Why does society treat you as an outcast when you’re single? Is it not bad enough that I have my two best friends pressuring me to date every chance they get. It’s probably because I still haven’t told them the reason I’ve avoided dating: The fact that I am HIV positive. It’s this dirty little secret I’ve been keeping to myself for the last two years. I’ve tried telling my friends and family numerous times, but something always gets in my way. At least that’s what I tell myself. Don’t worry, I’m ninety percent sure you can find my picture under the word cynical in the dictionary.
Since my ex-boyfriend basically called me a walking disease, I’ve lost a bit of my self confidence you could say. I mean, how am I suppose to tell my friends and family? I guess writing a letter to my parents won’t cut it.
More importantly, how is Travis, the new guy I like going to take the news? He is perfect, and I am far from it. I have to trust him, but trusting someone is easier said than done.
If dealing with HIV wasn’t enough, the bombshell my mom decided to invoke on my sister and I sure takes the cake. At least that’s what I thought, until I attended Lauren’s birthday party. Who knew that would be a night I would never forget.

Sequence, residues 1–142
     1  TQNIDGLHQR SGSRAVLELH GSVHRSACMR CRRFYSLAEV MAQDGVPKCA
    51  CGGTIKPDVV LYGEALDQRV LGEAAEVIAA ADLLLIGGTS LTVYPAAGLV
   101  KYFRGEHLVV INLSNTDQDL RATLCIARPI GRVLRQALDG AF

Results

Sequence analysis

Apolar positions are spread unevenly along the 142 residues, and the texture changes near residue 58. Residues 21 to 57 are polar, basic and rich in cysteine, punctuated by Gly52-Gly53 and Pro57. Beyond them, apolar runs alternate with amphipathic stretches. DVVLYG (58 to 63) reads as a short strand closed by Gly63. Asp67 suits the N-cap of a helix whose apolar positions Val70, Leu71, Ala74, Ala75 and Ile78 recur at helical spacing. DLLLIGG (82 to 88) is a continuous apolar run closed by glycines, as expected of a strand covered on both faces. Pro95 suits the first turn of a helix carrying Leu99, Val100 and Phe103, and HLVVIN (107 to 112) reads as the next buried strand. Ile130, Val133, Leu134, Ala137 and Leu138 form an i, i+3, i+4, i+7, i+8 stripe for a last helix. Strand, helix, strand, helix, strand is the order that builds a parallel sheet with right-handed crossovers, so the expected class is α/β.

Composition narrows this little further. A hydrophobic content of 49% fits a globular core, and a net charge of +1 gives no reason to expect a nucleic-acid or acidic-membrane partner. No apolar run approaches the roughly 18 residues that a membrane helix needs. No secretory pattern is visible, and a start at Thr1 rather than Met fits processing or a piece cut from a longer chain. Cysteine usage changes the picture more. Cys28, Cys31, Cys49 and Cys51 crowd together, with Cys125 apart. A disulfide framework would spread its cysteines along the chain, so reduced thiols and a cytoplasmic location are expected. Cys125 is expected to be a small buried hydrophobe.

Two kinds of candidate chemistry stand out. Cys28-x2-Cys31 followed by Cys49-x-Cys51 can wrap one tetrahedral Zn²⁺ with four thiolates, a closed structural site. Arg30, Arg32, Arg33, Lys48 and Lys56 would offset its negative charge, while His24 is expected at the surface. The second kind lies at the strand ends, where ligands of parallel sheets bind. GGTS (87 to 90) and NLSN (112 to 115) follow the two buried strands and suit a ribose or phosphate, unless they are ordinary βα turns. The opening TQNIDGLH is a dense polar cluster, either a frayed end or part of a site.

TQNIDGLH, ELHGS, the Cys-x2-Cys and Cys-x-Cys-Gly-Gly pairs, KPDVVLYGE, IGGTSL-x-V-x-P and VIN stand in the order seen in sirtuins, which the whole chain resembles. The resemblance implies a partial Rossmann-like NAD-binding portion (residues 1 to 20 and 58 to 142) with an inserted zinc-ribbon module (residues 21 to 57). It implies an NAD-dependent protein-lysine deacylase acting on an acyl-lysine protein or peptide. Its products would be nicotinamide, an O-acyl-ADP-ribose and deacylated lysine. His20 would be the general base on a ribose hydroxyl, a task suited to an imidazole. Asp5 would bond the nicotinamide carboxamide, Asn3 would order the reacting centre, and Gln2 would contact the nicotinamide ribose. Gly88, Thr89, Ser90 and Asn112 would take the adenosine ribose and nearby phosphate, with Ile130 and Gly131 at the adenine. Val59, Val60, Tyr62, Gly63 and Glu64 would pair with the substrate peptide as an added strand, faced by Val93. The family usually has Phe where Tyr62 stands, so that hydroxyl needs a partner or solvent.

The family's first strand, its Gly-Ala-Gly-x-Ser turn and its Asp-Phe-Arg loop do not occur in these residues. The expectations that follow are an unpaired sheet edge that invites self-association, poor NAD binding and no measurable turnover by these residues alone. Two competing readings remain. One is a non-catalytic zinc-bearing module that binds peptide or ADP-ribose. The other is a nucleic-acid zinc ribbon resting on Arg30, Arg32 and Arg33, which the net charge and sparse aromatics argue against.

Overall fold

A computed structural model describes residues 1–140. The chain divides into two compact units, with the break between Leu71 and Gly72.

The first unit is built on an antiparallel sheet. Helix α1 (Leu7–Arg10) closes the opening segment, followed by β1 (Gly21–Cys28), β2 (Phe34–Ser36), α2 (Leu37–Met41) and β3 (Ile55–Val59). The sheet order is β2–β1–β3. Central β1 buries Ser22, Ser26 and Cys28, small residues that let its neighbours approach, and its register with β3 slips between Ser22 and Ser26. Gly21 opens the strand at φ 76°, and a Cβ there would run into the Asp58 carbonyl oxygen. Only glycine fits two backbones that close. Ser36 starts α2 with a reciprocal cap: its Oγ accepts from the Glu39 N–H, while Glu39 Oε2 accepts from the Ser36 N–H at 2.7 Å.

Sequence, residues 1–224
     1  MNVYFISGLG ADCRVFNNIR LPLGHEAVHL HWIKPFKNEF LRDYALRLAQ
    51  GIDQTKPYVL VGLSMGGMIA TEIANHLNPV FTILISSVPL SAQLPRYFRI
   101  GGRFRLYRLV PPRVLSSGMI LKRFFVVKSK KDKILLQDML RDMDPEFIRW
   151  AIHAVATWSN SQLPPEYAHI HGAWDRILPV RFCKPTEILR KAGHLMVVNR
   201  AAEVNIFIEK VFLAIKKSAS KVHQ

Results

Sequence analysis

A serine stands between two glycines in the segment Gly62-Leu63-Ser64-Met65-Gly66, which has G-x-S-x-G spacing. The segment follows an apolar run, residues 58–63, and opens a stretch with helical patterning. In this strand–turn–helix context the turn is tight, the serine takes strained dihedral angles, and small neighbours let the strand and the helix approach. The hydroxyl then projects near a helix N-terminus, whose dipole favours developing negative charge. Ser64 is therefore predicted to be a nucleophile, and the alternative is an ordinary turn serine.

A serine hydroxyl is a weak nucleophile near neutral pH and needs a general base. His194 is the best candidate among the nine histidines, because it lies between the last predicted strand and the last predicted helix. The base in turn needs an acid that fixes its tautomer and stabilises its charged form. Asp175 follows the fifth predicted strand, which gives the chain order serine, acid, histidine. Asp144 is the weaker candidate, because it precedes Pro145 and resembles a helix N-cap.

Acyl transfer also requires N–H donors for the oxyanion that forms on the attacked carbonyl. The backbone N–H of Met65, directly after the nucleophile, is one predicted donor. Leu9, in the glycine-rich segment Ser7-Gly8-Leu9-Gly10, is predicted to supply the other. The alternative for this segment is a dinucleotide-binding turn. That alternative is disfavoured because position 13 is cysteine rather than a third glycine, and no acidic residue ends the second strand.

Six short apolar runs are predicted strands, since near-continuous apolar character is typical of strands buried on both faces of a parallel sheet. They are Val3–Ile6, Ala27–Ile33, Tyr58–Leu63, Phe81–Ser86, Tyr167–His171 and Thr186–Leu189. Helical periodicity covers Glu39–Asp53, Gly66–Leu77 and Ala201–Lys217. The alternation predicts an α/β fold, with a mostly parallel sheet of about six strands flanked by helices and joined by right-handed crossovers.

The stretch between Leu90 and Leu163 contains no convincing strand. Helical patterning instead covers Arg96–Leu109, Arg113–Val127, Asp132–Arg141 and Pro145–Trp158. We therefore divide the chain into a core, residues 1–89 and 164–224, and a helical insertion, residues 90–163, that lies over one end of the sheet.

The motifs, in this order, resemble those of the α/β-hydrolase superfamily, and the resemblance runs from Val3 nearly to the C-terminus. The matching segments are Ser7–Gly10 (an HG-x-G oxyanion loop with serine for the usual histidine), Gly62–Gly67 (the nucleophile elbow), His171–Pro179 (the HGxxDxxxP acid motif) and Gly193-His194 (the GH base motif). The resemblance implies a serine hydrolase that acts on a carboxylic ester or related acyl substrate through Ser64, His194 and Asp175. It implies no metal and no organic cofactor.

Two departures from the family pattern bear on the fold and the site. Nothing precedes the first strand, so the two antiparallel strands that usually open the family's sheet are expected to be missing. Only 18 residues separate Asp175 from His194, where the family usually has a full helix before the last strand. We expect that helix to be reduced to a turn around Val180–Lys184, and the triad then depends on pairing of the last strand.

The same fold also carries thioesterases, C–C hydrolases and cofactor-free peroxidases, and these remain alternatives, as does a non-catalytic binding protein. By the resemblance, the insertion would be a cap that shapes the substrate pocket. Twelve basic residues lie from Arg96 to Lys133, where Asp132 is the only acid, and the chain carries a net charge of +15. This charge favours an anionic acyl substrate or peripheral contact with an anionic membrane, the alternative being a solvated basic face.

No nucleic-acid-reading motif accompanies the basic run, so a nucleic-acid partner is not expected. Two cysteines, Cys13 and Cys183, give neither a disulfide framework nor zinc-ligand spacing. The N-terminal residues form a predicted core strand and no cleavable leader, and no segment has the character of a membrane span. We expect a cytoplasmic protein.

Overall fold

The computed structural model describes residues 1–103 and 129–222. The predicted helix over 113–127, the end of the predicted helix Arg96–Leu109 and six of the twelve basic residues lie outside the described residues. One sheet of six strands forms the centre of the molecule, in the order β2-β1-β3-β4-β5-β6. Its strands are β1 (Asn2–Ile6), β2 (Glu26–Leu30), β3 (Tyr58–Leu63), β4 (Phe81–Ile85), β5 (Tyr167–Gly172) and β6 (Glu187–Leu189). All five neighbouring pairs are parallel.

Who would have thought ripping off a band aid would be the most painful route to take?
Review: I had to sit and think about what I’d read before this review, and even then I’m not sure how to approach it. Trust is a heavy read. Not only did it explore the serious and rarely talked about topic of living with H.I.V., it forced me to examine my own thoughts and emotions about it.
The main character Hayden could have been so many young people. Funny responsible, and bright with the world as her oyster, she made one mistake. A single lapse in judgement changed the course of her life forever. Two years post diagnosis, she’s living with that reality in secret. Her shame about how she contracted the virus has kept her silent.
Attending a support group, she moves forward with her life, and struggles with feelings of guilt, and at times anxiety. A chance meeting with Travis makes her wonder if perhaps she could have more. Travis is the catalyst to making her ask herself what her life could be, and wither she’s willing to risk rejection in order to get it.
This book has plenty of ups and downs. The characters were fleshed out, the pace was perfect, and the conflict was believable. I found the deep emotional development quite impressive. I truly felt for Hayden, and I genuinely liked Travis. He was a kind gentleman. Not to say he was perfect He made his mistakes, but I found him to be a refreshing change of pace from many heroes in romances.
I don’t feel fit to judge the way H.I.V. was approached in the story. I don’t know enough about the disease or how it feels to live with it. I will say this felt real, raw, and hope giving. It showed life is not over when you hear the word positive